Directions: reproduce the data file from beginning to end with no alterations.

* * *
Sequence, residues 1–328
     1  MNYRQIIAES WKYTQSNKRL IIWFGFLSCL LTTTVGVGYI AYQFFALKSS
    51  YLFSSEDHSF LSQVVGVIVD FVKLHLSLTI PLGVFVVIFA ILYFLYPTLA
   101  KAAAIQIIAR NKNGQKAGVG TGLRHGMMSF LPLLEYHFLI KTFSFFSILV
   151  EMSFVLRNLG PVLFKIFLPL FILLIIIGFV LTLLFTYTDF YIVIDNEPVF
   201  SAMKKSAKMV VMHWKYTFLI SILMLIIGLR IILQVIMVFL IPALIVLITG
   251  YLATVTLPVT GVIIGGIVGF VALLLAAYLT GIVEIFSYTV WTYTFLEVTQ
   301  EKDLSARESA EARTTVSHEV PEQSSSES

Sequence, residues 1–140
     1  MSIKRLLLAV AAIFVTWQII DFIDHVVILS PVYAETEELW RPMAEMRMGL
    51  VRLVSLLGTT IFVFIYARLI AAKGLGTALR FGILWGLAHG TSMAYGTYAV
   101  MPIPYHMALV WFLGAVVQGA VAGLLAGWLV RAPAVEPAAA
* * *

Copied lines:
Sequence, residues 1–328
     1  MNYRQIIAES WKYTQSNKRL IIWFGFLSCL LTTTVGVGYI AYQFFALKSS
    51  YLFSSEDHSF LSQVVGVIVD FVKLHLSLTI PLGVFVVIFA ILYFLYPTLA
   101  KAAAIQIIAR NKNGQKAGVG TGLRHGMMSF LPLLEYHFLI KTFSFFSILV
   151  EMSFVLRNLG PVLFKIFLPL FILLIIIGFV LTLLFTYTDF YIVIDNEPVF
   201  SAMKKSAKMV VMHWKYTFLI SILMLIIGLR IILQVIMVFL IPALIVLITG
   251  YLATVTLPVT GVIIGGIVGF VALLLAAYLT GIVEIFSYTV WTYTFLEVTQ
   301  EKDLSARESA EARTTVSHEV PEQSSSES

Sequence, residues 1–140
     1  MSIKRLLLAV AAIFVTWQII DFIDHVVILS PVYAETEELW RPMAEMRMGL
    51  VRLVSLLGTT IFVFIYARLI AAKGLGTALR FGILWGLAHG TSMAYGTYAV
   101  MPIPYHMALV WFLGAVVQGA VAGLLAGWLV RAPAVEPAAA